A question many people who are thinking about building a new home on their own land is, "how much cash will I need as a down payment"? The answer, like many in life, is "it depends". What does it depend on? Here are a few answers that will hopefully help you as you plan your build.
The first thing to understand is there are two kinds of loans for buying or building a house:
- 1. a construction loan - the short-term loan from a bank you'll need to build, and
- 2. a permanent loan (we ususally call it a mortgage), the loan you'll need once your house is complete.
Differences of the two loans
The permanent loan is the one we all are familiar with, the one where you make a monthly payment to the mortgage company for 15 or 30 years (hopefully less if you can). You can't borrow money using a permanent mortgage for buying the land and building the home, so you need a construction loan, and there's a lot that's different about a construction loan. While this article deals with how the cash down payment is figured, you can read more about construction loans here.
Lenders are different
The next thing that's important to realize is that you'll be borrowing money from a different type of lender for the construction loan than you will for the permanent loan.
The construction loan will come from a bank, which is different from a mortgage company, because the bank likes to do short-term loans as opposed to the longer-term mortgage.
Yes, many banks have a mortgage company as well, but the difference in structure makes them actually different entities even though they might share a building and even a name. The bank will have a few different requirements than the mortgage company, in two main areas:
- 1. Debt-to-income ratio, which is simply the ratio of monthly loan payments you have divided by your monthly income. Banks typically like this ratio to be less than 43% or so.
- 2. Cash down, which is the amount of cash the bank wants you to put into the deal before they put their cash in.
We're going to talk about the cash you'll need for a down payment, why the bank wants that down payment, and how the bank comes up with the amount. Banks see construction loans as riskier than permanent mortgages, mainly because they are lending the bank's money, not selling the loan to investors they way mortgage companies do. Also, there's always the risk that the bank will get stuck with a construction loan if the customer isn't able to qualify for the permanent loan once the house is built.
The bank usually wants you to make a down payment of 20% of either:
- the cost to build
- the appraised value.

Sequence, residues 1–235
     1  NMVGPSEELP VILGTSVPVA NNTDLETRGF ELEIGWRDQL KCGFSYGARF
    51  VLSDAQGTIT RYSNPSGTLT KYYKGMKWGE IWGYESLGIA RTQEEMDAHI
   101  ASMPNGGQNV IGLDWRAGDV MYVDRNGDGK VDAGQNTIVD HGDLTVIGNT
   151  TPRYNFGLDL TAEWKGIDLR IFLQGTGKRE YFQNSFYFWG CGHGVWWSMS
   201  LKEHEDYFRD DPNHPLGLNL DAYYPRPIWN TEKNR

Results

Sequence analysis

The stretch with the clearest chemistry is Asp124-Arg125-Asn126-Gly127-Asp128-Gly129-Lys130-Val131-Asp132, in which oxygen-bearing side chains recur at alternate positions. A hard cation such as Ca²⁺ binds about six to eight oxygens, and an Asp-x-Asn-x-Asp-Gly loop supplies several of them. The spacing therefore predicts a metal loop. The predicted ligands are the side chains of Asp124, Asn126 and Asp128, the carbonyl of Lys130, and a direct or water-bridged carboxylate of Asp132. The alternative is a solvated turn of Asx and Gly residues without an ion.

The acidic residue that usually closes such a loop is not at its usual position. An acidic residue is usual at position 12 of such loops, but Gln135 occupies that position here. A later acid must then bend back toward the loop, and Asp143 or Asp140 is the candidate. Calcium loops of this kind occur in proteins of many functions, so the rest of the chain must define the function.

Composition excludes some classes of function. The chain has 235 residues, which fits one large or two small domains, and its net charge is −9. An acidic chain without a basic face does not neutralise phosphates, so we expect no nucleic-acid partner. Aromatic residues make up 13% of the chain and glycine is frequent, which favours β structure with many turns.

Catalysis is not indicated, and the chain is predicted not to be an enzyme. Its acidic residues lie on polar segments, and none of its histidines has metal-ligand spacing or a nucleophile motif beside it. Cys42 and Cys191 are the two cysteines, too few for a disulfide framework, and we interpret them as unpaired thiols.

So, if the house appraises for more than the price to build the house, the bank will be lending you 80% of the higher amount.
Insider Tip: To potentially reduce the amount of cash you'll need, find a bank that bases their loan amount, and the cash down payment, on appraised value rather than construction cost.
In either case, in order to figure out how much cash you will need as a down payment on your construction loan, you will need to know the amount the house will appraise for. If the bank's loan amount is based on construction cost, they won't lend more than 80% of value in any case (imagine your cost to build is $200,000 and the house appraises for $195,000 - the bank will loan 80% of the lower number). If the bank's loan amount is based on appraised value, you'll need to know that appraised value to know how much cash you'll need. It's kind of a chicken-and-egg thing.
To summarize, here's the formula:
[Cash Down Payment = Construction Cost - Construction Loan Amount]
[Construction Loan Amount = Appraised Value X 80%]
You can see from the above that if your house to be built appraises for exactly the cost to build, you'll be able to get a loan for 80% of the cost, and you'll need the other 20% in cash. However, with a bank willing to loan 80% of appraised value (NOT just 80% of cost), if the appraised value is higher than the cost to build (which happens regularly), you'll be able to borrow more than 80% of the cost to build.
Your building contract with your builder is for $250,000. Let's say the appraisal comes in at $270,000. Your banker will lend you 80% of $270,000, which is $216,000, meaning you'll need $34,000 in cash ($250,000 cost to build minus $216,000 in construction loan). That's $16,000 less than you'd need if the house appraised for exactly the cost to build.
You need the appraised value
You can also see that in every scenario, the variable that you don't know up front, but need to know in order to answer the question of how much cash you need as a down payment on your construction loan, is the appraised value.
The only way to get that number is to do the appraisal.
If cash is tight, it might be worth it to you to go ahead and pay for the appraisal with the understanding that the $400 or so you spend is an investment in finding out whether you'll be able to make your dream happen now, or whether you'll need to put it off until you have more cash saved up.
If you only need to get a rough idea of the cash you'll need, simply use the formula of 80% of the cost to build, and don't worry about the appraisal yet, knowing that you'll be off a little bit depending on the results of the appraisal. If you need to know the exact number, get the appraisal done, and you'll be glad to have shed light on the unknown.
For more help on the whole process of going from raw land to finished house, download my free guide, From Raw Land to Forever Home.